On February 26, 2018, Citizens for Alternatives to Radioactive Dumping (CARD) and other community groups raised serious concerns about the New Mexico Environment Department’s (NMED) failure to include community voices before releasing new policies intended to comply with civil rights laws. CARD’s reaction came on the heels of the release by NMED of Public Participation and Limited English Proficiency (LEP) policies late Friday, February 23, that outline the agency’s plans to include New Mexican communities in the process for permitting industrial facilities.
“I can’t imagine anything more ironic,” Deborah Reade, Research Director for CARD, stated. “While these policies are supposed to be designed to protect communities most directly impacted by the potentially adverse environmental effects of such facilities, NMED closed the door to all public input when drafting these policies.”
In addition to CARD, other community groups, including Alliance for Environmental Strategies, Albuquerque Center for Peace and Justice, Los Jardines Institute, Concerned Citizens of Wagon Mound and Mora County, New Mexico Interfaith Power and Light, Amigos Bravos, Concerned Citizens for Nuclear Safety, and the New Mexico Environmental Law Center have also expressed concern about NMED’s policies.
“I don’t know what planet NMED is on, but there is no positive realistic working relationship between NMED and our communities, which are being sacrificed by a state government willing to allow our communities to be turned into radioactive waste dumps.”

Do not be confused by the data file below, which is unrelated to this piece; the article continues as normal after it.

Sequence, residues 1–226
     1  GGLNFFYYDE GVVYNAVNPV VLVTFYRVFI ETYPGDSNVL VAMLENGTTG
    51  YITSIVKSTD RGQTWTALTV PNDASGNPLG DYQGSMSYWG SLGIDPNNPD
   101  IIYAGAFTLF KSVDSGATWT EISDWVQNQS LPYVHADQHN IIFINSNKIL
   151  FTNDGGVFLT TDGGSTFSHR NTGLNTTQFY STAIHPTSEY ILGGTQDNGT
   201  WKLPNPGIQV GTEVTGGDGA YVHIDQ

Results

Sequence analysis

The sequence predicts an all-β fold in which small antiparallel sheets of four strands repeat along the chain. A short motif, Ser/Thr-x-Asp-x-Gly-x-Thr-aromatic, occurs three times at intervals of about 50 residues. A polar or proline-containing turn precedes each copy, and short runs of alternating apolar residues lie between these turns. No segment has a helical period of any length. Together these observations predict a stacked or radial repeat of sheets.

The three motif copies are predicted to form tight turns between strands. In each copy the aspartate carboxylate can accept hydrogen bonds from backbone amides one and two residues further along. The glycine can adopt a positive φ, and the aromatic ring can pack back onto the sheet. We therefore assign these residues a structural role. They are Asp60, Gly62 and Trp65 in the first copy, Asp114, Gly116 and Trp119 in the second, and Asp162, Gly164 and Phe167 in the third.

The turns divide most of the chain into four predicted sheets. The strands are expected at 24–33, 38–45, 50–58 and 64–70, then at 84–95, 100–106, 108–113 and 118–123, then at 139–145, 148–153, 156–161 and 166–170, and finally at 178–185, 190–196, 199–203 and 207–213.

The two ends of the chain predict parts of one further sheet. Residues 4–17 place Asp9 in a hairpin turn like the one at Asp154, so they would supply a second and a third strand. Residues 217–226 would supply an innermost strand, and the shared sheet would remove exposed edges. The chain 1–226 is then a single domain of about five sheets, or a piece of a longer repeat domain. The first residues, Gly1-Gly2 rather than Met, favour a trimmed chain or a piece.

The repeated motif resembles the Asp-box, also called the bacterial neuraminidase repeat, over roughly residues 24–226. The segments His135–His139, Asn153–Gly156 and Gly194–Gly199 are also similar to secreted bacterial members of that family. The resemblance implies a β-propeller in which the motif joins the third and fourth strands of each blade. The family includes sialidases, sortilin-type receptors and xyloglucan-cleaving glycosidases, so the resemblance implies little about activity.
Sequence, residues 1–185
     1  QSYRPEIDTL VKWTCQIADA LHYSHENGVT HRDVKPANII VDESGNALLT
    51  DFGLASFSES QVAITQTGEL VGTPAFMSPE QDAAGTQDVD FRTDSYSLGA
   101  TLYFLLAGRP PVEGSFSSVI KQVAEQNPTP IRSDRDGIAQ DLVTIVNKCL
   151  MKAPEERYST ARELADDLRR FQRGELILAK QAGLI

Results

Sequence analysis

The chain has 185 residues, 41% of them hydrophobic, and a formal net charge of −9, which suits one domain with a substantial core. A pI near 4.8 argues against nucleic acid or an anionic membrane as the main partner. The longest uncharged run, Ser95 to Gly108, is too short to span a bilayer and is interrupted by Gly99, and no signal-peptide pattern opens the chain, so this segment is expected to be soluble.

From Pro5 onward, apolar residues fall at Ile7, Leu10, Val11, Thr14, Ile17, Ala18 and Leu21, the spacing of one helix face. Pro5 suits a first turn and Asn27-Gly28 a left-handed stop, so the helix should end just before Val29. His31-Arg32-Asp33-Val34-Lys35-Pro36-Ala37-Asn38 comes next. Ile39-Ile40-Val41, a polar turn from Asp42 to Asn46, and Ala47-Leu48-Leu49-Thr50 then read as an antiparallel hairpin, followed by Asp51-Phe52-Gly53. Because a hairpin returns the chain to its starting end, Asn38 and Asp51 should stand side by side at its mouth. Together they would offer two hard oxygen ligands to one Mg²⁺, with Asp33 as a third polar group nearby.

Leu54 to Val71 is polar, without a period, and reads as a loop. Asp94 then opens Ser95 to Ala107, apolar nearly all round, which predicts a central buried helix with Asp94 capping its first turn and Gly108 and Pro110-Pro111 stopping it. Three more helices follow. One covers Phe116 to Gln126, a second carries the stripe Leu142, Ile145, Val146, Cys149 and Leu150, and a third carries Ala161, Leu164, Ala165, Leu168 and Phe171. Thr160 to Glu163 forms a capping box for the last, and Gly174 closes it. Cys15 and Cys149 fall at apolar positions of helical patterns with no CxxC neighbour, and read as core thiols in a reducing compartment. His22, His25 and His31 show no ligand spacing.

In 2005, residents of the mostly Spanish-speaking communities of Chaves County accused NMED of discrimination in its permitting process on the basis of race, color, or national origin by approving the construction of Triassic Park, a hazardous waste facility in their county. The community, through CARD and two other groups, filed a civil rights complaint against NMED for engaging in a statewide pattern and practice of discriminatory permitting, including failing to take proper steps to inform residents with limited-English proficiency of the potential construction of hazardous waste facilities, and the failure to engage them in the public participation process. On January 19, 2017, EPA and NMED signed a Resolution Agreement in which NMED committed to review its nondiscrimination policies and take steps to bring the program into compliance, including completion of the Public Participation and LEP policies released publicly on February 23. The groups that filed the initial complaint, however, were far from satisfied that NMED released the policies without giving communities an opportunity to provide input. Reade stated, “By not allowing community members to provide input on the draft version of the policies, NMED has failed to abide by the spirit of the Resolution Agreement, and continues to send the message that public input is not a valuable part of environmental permitting.”
“I don’t know what planet NMED is on, but there is no positive realistic working relationship between NMED and our communities, which are being sacrificed by a state government willing to allow our communities to be turned into radioactive waste dumps,” said Noel Marquez of Alliance for Environmental Strategies in Eddy County. “If NMED were willing to start a relationship, we are always ready to respond, co-operate and volunteer our time to defend our lands and people, which we feel the state of New Mexico should be doing in their role if we aspire to be an honest democracy,” Marquez continued.